That leads to another question. Why relegate the words about Jehovah's rage to the footnote in the newer version of NWT?

To help answer this question, consider that the ESV chooses the rendering: “How sick is your heart, declares the Lord God, because you did all these things, the deeds of a brazen prostitute,"

ESV explains that "How I am filled with anger against you" comes about from revocalizing the Hebrew words of Ezekiel. So NET translates Ezekiel 16:30: “‘How sick is your heart, declares the sovereign Lord, when you perform all of these acts, the deeds of a bold prostitute."

No explanatory footnote is offered, but we again witness the translational assonance between NWT 2013, ESV, and NET here although NWT in the latest iteration uses the verb "was" as opposed to "is."

Back to the original question, why prefer "How sick your heart was/is," to "O how I am filled up with rage against you"?

The explanation is complex and lengthy, but here are some preliminary remarks:

Bob Utley:
"how languishing is your heart" This is the only occurrence of this verb (BDB 51, KB 63, Qal participle) in the Qal stem. Its basic meaning is "weak," implying weak-willed. But this does not fit the context of the next phrase. Some early copies of the Hebrew OT were found in a hidden room behind the shelves that contain the Scripture scrolls in Cairo, Egypt. These copies have 'How inflamed was your heart,' which fits the context much better and may be the source of the Septuagint and Vulgate translations of "how strong" (cf. NIDOTTE, vol. 1, p. 426).


K.J. Cathcart Writes:
The unsatisfactory translations of 'mlh lbtk (Ezek. 16:30) in many modern English Bibles illustrate what might be described as an example of wilful resistance to knowledge gained from comparative philology. The NRSV has: ‘How sick is your heart’; the NAB, 'How wild is your lust’, and the JPSV, ‘How sick was your heart’. The JPSV translator does admit in a footnote that, on the basis of the Akkadian, a change of vocalisation will give, ‘How furious I was with you’. The NEB and REB have a satisfactory version: 'How you anger me!’ The correct understanding of this verse was first published by David Hartwig Baneth in 1914, when he published a suggestion made by his father Eduard Baneth that Akk. libb¯ati malˆ u, ‘to become angry with’, had a counterpart in Ezek. 16:30.17 It was noted that the same idiom occurred in Aramaic too. Godfrey Rolles Driver made the same proposal in 1928, and elaborated on it in 1931. All the main Hebrew lexicons admit this identification by Baneth, and the Akkadian loan has been subjected to further scrutiny by Harold Cohen and again thoroughly by Paul Mankowski in his very important published Harvard dissertation. Among early modern commentators, G.A. Cooke accepted the Akkadian and Aramaic evidence for the correct understanding of the text, but some commentators still prefer the interpretation apparently intended by whoever pointed the ˜M. The interpretation of the Akkadian loanword, lbh, ‘anger’, as a cognate of Heb. l¯eb, ‘heart’, is an example of a loanword in the consonantal Hebrew text of the Bible being wrongly interpreted in the Massoretic text. It is interesting to note that the Ì (‘How should I dispose of your daughter?’) and the Í (‘Why should I judge your daughter?’) did not interpret lbtk as ‘your heart’.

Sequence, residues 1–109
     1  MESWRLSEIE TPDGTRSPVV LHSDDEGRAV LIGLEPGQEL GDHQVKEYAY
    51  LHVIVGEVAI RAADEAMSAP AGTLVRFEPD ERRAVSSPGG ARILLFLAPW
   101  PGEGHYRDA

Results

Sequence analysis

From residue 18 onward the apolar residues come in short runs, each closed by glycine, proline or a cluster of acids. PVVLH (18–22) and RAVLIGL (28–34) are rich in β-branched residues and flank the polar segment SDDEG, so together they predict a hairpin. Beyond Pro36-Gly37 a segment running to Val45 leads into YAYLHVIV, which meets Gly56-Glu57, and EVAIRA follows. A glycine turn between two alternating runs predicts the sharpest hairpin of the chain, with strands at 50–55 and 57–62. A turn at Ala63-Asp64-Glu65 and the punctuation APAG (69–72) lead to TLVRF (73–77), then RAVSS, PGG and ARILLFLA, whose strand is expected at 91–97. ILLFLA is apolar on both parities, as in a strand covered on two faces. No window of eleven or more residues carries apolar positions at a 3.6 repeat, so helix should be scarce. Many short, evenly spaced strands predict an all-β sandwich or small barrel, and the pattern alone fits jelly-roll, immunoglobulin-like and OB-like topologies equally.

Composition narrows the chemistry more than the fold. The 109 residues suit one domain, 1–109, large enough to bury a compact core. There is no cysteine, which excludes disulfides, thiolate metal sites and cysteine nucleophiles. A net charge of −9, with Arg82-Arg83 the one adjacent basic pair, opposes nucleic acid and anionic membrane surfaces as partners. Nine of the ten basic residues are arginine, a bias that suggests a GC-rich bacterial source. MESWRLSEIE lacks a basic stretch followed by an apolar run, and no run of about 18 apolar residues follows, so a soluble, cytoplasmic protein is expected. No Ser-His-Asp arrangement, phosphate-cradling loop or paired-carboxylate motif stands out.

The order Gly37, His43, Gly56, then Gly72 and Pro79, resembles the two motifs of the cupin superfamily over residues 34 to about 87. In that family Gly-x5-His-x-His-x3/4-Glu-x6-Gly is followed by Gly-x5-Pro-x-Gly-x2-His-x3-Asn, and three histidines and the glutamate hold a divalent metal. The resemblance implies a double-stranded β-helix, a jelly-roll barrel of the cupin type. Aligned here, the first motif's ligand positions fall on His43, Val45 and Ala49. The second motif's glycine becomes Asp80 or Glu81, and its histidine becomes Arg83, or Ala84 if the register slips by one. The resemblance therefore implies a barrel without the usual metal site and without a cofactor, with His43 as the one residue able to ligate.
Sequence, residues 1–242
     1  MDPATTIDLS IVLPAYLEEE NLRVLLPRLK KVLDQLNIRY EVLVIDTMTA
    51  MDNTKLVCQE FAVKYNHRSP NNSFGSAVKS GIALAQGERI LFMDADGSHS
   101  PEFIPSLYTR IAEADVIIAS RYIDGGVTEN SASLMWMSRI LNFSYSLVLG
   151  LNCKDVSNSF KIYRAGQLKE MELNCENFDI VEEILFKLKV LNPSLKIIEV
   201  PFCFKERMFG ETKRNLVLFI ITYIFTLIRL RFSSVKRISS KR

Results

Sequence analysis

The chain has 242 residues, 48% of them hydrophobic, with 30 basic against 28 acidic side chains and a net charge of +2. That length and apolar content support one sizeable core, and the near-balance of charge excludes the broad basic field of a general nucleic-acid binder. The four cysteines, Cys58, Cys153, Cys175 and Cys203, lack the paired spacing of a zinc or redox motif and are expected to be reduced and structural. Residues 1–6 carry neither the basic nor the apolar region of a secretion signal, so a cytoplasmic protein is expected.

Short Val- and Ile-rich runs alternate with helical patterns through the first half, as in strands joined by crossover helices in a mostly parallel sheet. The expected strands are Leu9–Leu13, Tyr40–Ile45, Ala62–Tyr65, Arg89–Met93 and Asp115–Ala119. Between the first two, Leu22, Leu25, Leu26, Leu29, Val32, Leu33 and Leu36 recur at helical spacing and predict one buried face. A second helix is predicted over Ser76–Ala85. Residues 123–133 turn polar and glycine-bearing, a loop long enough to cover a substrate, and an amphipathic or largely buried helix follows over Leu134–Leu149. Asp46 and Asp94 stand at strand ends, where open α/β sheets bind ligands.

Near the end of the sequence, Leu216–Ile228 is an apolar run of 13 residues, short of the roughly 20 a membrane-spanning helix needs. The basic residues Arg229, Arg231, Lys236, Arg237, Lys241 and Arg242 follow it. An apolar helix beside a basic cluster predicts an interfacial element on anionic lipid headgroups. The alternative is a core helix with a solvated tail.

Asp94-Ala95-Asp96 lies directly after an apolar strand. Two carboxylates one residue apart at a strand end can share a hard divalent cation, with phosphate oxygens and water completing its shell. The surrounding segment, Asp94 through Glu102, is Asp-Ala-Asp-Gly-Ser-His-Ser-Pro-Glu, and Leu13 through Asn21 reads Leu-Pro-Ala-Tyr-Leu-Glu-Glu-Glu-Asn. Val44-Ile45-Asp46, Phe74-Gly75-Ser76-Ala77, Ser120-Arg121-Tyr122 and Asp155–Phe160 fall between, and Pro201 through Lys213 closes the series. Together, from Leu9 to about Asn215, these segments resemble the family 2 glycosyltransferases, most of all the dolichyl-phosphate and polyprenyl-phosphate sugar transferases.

See The Old Testament in Its World, edited by R.P. Gordon and J.C. de Moor, pages 5-6.

Knox Translation: "Salve is none, says the Lord God, for such a heart as thine, set on following a harlot’s ways."

Latin Vulgate: In quo mundabo cor tuum, ait Dominus Deus, cum facias omnia hæc opera mulieris meretricis et procacis?

LXX: τί διαθῶ τὴν θυγατέρα σου λέγει κύριος ἐν τῷ ποιῆσαί σε ταῦτα πάντα ἔργα γυναικὸς πόρνης καὶ ἐξεπόρνευσας τρισσῶς

Saturday, August 11, 2018

A Brief Comment with Respect to Psalm 25 (Lange)

This statement is taken from Lange's Commentary on the Holy Scriptures. He is talking about Psalm 25 when he claims:

"the individual features are not concrete enough, to refer them directly to historical events in the life of David."

So I understand Lange to be saying that although Psalm 25 might be Davidic, a datum he does not seem to reject, still nothing in the psalm helps us to pin down historical specifics in David's life such that we could determine when he wrote the psalm, etc.

Wednesday, August 08, 2018

The Greek Aorist and Its Diverse Uses

The aorist "tense" has numerous uses in ancient Greek speech/writing. I outline some uses, definitions, and examples here:

1) Constative aorist- K.L. McKay (A New Syntax of the Verb in New Testament Greek, page 46) points out that the constative aorist expresses the totality of an activity. See Acts 28:30; Revelation 20:4. 2 Corinthians 8:9 is possibly an example, but more than likely the aorist there is inceptive ("he became poor"). See McKay, ibid.

2) Ingressive (inceptive, inchoative) aorist- The aorist participle λαβών, if translated